For the first time, glaucoma was described as a blinding disease associated with high intraocular pressure (IOP) by the Persian physician Ali ibn Rabban at-Tabari (810-861 C.E.) in the writings Firdaws al hikma (Paradise of Wisdom).1 This association was later pointed out by Richard Banister of England in his 1622 A treatise of one hundred and thirteen diseases of eye: If one feele the Eye by rubbing upon the Eie-lids, that the Eye be growne more solid and hard than naturally it should be⋯ the humour settled in the hollow nerves be growne to any solid or hard substance, it is not possible to be cured.2 In the 1800s, the Dutch ophthalmologist Franciscus C. Donders coined the expression simple glaucoma for increased IOP occurring without any inflammatory symptoms.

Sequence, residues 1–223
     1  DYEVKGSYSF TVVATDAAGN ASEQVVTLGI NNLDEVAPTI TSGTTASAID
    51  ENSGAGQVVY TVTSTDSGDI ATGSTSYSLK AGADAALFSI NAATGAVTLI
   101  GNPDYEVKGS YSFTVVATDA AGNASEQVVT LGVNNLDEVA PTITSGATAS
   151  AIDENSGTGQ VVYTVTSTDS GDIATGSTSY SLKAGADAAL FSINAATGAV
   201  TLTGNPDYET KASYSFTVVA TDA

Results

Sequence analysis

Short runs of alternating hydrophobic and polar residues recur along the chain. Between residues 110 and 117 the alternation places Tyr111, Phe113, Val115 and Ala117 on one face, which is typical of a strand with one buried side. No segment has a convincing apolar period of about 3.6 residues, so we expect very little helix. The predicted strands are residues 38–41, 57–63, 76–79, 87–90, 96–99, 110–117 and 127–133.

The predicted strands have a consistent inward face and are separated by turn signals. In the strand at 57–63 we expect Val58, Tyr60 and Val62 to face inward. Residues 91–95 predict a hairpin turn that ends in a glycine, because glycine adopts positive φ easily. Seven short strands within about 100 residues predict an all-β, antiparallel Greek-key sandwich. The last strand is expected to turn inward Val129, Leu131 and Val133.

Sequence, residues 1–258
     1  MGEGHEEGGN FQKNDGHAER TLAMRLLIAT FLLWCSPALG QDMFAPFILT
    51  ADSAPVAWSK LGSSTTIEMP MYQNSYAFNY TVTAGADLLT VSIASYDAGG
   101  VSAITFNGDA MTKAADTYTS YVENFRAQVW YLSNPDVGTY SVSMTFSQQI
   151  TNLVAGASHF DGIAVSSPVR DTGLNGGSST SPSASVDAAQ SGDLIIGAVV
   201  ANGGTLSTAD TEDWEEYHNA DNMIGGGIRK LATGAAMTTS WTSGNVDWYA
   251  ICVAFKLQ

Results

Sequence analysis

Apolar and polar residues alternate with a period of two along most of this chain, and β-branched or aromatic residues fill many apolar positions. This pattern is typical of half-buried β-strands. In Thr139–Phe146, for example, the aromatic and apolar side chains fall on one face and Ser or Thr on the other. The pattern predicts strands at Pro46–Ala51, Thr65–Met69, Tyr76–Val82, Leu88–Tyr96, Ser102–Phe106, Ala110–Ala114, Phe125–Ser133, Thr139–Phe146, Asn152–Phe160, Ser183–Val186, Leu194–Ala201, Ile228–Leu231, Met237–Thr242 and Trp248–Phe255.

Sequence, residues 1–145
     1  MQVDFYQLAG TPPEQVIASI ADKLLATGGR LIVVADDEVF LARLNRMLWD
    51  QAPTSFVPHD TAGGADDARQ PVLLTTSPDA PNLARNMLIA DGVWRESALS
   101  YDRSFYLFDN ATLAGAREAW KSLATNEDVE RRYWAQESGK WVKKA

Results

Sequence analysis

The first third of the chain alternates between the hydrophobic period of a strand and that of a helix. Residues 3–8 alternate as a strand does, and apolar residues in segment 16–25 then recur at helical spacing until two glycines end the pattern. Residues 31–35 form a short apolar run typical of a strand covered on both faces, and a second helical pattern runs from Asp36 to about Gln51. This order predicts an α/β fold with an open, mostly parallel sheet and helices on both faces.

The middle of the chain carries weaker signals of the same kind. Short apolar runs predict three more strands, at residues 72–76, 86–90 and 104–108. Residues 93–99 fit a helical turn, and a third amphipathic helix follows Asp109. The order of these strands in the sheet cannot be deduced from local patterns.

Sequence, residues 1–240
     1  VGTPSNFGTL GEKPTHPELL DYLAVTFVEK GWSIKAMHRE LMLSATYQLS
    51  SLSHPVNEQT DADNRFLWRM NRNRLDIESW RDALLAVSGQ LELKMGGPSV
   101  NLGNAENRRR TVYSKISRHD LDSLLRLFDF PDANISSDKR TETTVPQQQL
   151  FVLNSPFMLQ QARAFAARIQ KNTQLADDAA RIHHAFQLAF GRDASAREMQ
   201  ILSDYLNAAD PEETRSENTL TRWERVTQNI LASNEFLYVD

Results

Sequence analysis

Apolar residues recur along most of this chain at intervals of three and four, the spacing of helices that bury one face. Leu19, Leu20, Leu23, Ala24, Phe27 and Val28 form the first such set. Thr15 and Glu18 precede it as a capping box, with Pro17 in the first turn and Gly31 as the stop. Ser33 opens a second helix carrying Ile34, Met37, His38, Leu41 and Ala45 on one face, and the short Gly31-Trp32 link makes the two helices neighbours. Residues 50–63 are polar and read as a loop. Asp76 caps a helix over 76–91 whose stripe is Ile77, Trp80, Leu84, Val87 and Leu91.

|Original language||English (US)|
|Title of host publication||The Glaucoma Book|
|Subtitle of host publication||A Practical, Evidence-Based Approach to Patient Care|
|Publisher||Springer New York|
|Number of pages||16|
|State||Published - Jan 1 2010|
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